Bacteria help pandas get the most out of being picky eaters, study says

A wild panda named "Happiness" feeds on a bamboo shoot in Foping Nature Reserve, Shaanxi province, China, in 2013. Samples of the panda's poop were collected for this study.

(CNN)Pandas are famously picky eaters. They only consume bamboo -- a poor quality diet low in fat.

But the creatures appear to have evolved to get the most out of what they do eat, according to a new study.
Their gut bacteria changes in late spring and early summer when bamboo is at its most nutritious -- while it's sprouting protein-rich green shoots. The bacteria makes the bear gain more weight and store more fat, which researchers said may compensate for a lack of nutrients later in the year, when bamboo plants have only fibrous leaves to chomp on.
    "We've known these pandas have a different set of gut microbiota during the shoot-eating season for a long time, and it's very obvious that they are chubbier during this time of the year," said lead study author Guangping Huang, a researcher for the Institute of Zoology at the Chinese Academy of Sciences in a news release.
      The study was published on Tuesday in the journal Cell Reports.
        To investigate how the gut bacteria could affect a panda's metabolism, the team first collected the feces of eight wild giant pandas in China's Qingling mountains during both leaf-eating season and shoot-eating season and then examined how the poop samples differed.
        They found that a bacterium called Clostridium butyricum was more abundant in the pandas' guts during the season when they enjoy the fresh bamboo shoots.
          To understand whether this bacteria helps the bears gain and store weight, the researchers performed a fecal transplant, putting the panda poop they collected into lab mice. Then they fed the mice for three weeks with a bamboo-based diet that simulated what pandas eat.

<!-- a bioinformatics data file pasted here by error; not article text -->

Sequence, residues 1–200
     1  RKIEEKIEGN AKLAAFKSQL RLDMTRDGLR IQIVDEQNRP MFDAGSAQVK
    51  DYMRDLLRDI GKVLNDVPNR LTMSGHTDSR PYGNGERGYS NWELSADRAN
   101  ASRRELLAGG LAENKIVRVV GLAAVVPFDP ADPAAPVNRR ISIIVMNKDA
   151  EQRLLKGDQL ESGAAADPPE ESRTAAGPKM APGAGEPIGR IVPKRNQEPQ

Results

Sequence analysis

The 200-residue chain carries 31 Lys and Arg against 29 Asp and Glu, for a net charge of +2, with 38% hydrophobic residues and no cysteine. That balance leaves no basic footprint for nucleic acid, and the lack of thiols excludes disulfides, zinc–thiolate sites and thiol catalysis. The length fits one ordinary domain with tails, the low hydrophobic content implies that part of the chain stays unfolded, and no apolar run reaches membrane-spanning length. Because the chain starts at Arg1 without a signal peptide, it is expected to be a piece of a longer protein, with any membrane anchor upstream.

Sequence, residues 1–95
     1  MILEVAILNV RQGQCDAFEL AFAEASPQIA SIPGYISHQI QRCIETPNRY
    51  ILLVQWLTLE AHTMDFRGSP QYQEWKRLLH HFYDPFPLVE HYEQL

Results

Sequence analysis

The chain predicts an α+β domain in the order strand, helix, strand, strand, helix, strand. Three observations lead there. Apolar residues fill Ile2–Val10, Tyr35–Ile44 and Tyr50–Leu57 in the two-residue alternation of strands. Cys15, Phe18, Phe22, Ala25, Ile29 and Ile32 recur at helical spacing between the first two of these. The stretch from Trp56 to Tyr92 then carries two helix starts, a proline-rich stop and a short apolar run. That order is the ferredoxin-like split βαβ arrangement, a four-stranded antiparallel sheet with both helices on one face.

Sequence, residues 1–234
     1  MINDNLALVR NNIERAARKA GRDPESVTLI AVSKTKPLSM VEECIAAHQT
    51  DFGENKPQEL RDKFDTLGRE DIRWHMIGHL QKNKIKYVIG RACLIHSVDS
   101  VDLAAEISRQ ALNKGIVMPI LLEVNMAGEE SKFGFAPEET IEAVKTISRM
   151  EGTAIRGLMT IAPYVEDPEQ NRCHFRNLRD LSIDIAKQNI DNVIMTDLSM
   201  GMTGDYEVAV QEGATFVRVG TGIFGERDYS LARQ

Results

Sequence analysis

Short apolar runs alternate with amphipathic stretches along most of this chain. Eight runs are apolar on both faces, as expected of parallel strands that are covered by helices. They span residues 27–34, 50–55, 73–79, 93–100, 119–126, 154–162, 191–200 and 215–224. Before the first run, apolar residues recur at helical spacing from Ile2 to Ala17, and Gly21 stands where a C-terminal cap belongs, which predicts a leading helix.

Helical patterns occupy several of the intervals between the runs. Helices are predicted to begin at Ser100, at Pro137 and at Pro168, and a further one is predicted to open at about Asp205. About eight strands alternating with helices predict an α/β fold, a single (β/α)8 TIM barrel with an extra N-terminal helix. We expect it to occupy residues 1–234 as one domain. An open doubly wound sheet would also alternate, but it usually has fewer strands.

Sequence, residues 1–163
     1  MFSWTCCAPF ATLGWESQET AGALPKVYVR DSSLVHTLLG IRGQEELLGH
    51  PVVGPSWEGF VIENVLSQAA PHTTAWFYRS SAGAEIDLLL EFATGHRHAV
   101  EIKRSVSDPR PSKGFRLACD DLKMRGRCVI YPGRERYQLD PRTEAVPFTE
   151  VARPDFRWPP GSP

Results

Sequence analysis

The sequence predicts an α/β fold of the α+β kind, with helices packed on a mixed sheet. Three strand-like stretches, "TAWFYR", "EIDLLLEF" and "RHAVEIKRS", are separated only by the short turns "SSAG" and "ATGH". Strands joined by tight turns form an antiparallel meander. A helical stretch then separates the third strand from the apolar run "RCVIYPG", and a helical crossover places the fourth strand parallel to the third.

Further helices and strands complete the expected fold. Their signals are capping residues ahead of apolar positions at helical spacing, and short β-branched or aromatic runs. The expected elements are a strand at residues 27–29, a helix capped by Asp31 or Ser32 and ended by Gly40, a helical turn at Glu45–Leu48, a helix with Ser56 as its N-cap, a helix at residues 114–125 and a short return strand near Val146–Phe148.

While mice are very different from pandas, it wasn't possible to run such tests on endangered and vulnerable animals, said Wei Fuwen, a coauthor of the study and a professor at the Key Lab of Animal Ecology and Conservation Biology in the Institute of Zoology at the Chinese Academy of Sciences. Mice were a good substitute.
          "Mice have proven to be an effective model for studying the function of the gut microbiome in humans," Wei said via email.
          Researchers found that mice transplanted with panda feces collected during shoot-eating season gained significantly more weight, despite consuming same amount of food.
          "The gut bacteria was the only variable in this research," Wei explained.
          Felix Sommer, group leader of functional host-microbiome research at Christian-Albrechts-University in Kiel, Germany, noted that the number of pandas involved in the study was small and the experiment had only been performed once. Sommer, who was not involved in the research, also stressed the researchers had found a correlation, not a causal relationship between the bacteria and weight gain.
            "I would have asked for some kind of validation experiment or a re-sampling at another year or time point," said Sommer, who has conducted similar research on hibernating brown bears, via email.
            Wei said that further work is needed to validate the causal relationship directly in pandas. He added that their work could help improve the health of captive giant pandas.